If you said, "not changing the battery" then you have probably not been in the sound business very long. Sure, having a battery go dead in the middle of a show or presentation causes big problems, but with the advent of low current draw wireless transmitters and long-life alkaline batteries, this doesn’t happen nearly as often as it did just a few years ago.
No, the biggest mistake you can make is not giving the presenter a few tips on how to use a powerful tool thats easily misunderstood.
I recently provided a sound system for a high profile seminar hosted by the governor of a state that will remain nameless. When it came time for the governor to pose questions to panelists, rather than asking them to move a little closer to the table mics we had placed in front of them, here’s what he did: He unclipped his wireless lavalier and passed it back and forth among the panelists as they attempted a dialogue. Between mic handling noise, lavaliere element overload from holding the mic about an inch from their mouths and a couple of drops to the floor (not to mention tangling the lavalier cable around the arm of the chair) the audio was completely unusable.
The producer for the television production company that hired me was livid (his wrath was aimed at me, not the governor) and the audience was leaving the hall in droves.
I’d love to blame the governor, but I’m afraid that the fault is at least partly mine.
It was my responsibility to let the governor (or in this case, his assistant) know exactly how the mics on the stage should be used to handle the format of the program.
My assistant, who actually put the mic on the governor, could have easily passed along a friendly suggestion to him that he should take care to not actually touch the mic. It was a problem that did not have to happen.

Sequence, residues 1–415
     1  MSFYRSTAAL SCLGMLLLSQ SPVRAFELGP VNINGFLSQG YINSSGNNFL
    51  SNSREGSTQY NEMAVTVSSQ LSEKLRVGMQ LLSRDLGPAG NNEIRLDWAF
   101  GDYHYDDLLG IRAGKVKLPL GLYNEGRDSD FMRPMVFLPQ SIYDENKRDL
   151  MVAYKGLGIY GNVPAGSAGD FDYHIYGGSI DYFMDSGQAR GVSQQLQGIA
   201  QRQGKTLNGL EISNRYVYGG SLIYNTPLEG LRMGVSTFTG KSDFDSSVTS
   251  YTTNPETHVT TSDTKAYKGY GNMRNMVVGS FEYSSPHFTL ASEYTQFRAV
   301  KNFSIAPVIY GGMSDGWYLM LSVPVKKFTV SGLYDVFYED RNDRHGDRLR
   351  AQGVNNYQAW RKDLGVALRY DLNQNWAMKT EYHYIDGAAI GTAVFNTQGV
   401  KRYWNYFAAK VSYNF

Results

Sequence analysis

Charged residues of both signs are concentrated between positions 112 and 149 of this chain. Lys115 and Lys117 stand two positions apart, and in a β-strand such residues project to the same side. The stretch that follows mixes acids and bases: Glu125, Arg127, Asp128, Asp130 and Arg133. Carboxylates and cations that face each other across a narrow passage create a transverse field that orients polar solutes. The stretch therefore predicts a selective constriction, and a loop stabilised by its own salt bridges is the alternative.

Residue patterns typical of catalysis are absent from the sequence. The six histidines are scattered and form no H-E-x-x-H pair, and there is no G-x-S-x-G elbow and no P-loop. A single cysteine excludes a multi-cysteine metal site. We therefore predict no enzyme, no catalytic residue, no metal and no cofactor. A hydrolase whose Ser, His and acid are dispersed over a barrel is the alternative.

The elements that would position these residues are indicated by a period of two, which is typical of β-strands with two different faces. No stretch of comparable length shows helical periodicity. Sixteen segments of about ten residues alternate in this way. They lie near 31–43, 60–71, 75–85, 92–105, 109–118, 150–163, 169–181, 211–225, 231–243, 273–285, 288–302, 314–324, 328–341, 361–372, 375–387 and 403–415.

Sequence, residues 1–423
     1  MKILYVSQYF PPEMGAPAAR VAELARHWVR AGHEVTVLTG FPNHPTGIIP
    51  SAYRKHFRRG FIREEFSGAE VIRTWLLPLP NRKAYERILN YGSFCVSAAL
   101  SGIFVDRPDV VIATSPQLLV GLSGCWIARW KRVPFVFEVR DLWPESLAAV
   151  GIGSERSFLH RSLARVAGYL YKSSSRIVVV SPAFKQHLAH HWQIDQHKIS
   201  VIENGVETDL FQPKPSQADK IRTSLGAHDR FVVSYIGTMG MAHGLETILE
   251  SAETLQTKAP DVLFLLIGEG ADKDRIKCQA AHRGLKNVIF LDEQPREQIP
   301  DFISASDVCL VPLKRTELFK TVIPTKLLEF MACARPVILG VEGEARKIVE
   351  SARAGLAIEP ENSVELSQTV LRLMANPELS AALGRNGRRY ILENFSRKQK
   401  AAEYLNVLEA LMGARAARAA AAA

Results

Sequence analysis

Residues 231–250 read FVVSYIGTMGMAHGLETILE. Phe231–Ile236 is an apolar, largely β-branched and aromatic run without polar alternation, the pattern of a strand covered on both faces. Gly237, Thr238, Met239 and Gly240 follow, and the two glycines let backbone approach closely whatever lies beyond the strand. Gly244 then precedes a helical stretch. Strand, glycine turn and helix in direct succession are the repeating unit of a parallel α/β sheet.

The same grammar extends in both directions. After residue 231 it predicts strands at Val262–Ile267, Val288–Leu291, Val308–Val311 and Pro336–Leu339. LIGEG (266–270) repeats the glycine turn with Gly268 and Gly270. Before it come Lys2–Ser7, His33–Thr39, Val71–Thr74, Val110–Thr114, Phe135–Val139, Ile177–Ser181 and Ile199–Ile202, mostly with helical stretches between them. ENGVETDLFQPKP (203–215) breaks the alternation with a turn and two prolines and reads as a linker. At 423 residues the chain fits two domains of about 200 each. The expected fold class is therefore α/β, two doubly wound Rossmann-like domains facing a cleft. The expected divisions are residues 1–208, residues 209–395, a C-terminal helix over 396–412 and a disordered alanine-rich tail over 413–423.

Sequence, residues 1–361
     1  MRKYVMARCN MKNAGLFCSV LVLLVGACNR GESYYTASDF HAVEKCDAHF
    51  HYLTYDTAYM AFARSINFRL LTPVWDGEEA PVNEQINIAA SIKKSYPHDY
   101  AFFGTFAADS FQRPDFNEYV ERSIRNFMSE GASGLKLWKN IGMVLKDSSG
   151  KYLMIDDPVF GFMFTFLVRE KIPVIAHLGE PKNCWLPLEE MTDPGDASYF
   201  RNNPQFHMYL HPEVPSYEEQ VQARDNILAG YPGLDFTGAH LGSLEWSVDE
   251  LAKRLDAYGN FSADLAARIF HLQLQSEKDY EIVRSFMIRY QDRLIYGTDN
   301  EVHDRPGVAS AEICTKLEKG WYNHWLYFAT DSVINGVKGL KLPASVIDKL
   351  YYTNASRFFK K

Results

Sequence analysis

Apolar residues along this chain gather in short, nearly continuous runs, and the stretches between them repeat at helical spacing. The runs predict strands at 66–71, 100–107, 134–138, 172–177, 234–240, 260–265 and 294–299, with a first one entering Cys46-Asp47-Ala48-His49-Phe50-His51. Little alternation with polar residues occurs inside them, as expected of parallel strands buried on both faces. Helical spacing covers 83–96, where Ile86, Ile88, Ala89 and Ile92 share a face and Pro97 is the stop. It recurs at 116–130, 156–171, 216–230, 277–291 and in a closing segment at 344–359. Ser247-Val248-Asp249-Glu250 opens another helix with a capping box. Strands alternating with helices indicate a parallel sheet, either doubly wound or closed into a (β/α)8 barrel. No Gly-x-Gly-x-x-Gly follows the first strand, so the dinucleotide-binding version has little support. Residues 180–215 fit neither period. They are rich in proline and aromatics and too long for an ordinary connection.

Here are a few tips to pass along to the actual user of a wireless lavaliere mic when you are mixing an event. They’ll make your life a lot easier!
- Make sure that the presenter knows that you will take care of turning the mic on and off. They don’t need to ever do that and you should tape down the switch so they can’t even try it.
- Point out where you are positioned in the room and do all you can early in the presentation to make eye contact with the presenter. It’s a great confidence booster for both of you.
- Give some thought as to which way the presenter is most likely to turn his/her head when addressing someone else on the stage or in the audience. If you are unable to center the lavalier on a tie or shirt, then choose the side/lapel in the direction the presenter is most likely to turn their head.
- Take care to tuck excess lavalier cable out of the way so that it can’t become tangled on a chair arm or podium light. A little gaffers tape is great for making sure this cable stays where you want it.
- When possible, clip the transmitter/belt pack to the presenter’s belt or waistband. Resist the temptation to drop it into one of their pockets. You don’t know what else might be in the pocket. If the presenter sticks her hand into the pocket she may accidentally disconnect the mic or hit the on/off switch.
- If the presenter plans to wander around or present from several places on the stage or in the room, tell them what to do if the encounter a signal drop out. Even the highest quality wireless mics may encounter dropouts. Just a step to the side, or even a little shuffle, may solve the drop out so that the presenter can continue with minimum disruption to the show.
Next time we’ll talk about some tips for using hand held wireless microphones.
Got other tips for great wireless performance? Share them on our forum!
-Jeff Harrison is a sound person and special event producer who lives in works in Chapel Hill, NC. His most recent work includes producing professional school commencement exercises for the University of North Carolina.
He can be contacted at email@example.com
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